Last semester, I took macroeconomics and didn’t have a clue what I was doing (as cited in the final exam).
There were 80 multiple choice questions. For some reason, I decided to play the game of probability and chose the letter “A” for everything. In that game, the only thing probable was that I failed.
The following day, the professor asked to see me after class. “Is everything okay?” “Sure,” I said, “why?”Well, here’s your test,” he said and handed me a piece of paper that was covered with red ink. “Can you explain why you chose an ‘A’ for everything,”
Knowing that there was nothing I could do at that point, I said, “Well, I’ve always wanted to be an ‘A’ student.”
A student submits his essay to his teacher. A few days later, the teacher returns in with a single note: Needs Improvement.
So the student makes a few changes and resubmits it. Again, the teacher returns it with the single note: Needs Improvement.
This time, the student pores over it, double checks every word, adds every reference he can find, and adjusts the layout to make it more readable. He walks into his teacher’s office and says, “I have done everything I possible can, this is absolutely perfect.”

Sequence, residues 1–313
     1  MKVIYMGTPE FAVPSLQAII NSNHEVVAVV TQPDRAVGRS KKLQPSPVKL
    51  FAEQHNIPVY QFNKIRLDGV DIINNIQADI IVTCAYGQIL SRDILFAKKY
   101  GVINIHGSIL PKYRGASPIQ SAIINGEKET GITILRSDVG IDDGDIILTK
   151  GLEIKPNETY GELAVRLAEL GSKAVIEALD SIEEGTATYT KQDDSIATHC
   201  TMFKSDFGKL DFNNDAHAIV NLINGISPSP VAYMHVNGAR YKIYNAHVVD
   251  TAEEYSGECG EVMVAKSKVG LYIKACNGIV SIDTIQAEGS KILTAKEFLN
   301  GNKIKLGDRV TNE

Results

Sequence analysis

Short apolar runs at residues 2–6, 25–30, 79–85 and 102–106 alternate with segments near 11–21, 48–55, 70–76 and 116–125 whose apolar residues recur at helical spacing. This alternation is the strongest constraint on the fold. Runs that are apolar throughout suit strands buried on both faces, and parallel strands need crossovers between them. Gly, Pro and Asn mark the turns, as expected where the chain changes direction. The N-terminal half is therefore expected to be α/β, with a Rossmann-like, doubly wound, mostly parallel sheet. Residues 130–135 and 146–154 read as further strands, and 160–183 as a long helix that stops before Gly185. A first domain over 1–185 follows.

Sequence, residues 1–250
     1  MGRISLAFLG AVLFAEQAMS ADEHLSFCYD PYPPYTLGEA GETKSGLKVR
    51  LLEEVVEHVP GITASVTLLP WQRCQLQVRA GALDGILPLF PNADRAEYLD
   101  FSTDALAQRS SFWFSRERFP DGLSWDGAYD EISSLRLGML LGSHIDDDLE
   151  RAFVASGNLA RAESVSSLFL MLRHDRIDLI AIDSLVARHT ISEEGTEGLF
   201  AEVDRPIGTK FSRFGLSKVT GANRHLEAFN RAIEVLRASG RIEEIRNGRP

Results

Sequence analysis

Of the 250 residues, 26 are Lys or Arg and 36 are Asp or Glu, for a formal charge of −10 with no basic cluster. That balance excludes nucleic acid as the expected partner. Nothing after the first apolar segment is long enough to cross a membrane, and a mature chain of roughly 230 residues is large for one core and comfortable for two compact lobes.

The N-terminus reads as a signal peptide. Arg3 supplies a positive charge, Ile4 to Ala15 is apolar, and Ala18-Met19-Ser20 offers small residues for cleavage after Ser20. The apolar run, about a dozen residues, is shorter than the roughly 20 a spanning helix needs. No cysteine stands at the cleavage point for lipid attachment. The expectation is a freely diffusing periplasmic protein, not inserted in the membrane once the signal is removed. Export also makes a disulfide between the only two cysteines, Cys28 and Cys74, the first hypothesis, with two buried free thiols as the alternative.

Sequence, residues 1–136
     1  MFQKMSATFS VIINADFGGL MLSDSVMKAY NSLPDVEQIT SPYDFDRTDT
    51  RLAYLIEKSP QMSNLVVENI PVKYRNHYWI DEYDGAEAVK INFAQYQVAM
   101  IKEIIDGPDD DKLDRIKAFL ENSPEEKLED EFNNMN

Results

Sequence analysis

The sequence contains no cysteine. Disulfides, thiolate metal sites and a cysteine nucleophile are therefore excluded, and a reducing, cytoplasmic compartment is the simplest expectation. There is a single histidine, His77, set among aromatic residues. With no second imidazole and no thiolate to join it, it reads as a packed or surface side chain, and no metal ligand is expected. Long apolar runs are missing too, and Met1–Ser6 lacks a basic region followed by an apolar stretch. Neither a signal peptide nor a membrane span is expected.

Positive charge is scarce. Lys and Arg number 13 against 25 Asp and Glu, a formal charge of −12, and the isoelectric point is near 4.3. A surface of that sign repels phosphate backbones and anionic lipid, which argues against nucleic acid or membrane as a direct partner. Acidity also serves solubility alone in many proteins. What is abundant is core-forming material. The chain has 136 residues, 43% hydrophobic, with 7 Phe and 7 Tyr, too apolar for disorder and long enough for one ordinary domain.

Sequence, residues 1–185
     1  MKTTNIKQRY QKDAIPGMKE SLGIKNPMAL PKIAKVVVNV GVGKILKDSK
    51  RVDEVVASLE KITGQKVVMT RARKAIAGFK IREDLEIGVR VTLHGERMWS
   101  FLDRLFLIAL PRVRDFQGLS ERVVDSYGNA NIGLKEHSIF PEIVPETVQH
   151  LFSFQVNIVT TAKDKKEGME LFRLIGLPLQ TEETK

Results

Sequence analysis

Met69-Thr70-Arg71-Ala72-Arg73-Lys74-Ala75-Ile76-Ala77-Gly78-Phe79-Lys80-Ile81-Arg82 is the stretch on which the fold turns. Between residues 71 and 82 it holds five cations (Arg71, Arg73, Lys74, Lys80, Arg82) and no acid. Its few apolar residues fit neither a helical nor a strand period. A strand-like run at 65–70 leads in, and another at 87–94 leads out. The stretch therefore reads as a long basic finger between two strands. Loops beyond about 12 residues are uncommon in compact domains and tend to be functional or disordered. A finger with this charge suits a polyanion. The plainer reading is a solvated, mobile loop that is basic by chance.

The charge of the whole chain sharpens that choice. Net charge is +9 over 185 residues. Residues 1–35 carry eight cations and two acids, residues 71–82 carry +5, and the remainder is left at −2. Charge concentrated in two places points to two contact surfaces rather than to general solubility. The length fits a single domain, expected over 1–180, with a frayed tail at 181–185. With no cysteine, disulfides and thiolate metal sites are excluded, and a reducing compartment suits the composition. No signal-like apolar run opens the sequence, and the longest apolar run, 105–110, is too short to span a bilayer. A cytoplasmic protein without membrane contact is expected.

The teacher takes it from him and says, “Okay, I guess I’ll actually read it this time.”
Importance of Physics
A college physics professor was explaining a particularly complicated concept to his class when he was rudely interupted by a pre-med student.
“Why do we have to learn this stuff?” one young man blurted out.
“To save lives,” the professor responded before continuing the lecture.
A few minutes later the student spoke up again. “So how does physics save lives?”
The professor stared at the student for a long time without saying a word. Finally the professor continued. “Physics saves lives,” he said, “because it keeps certain people out of medical school.”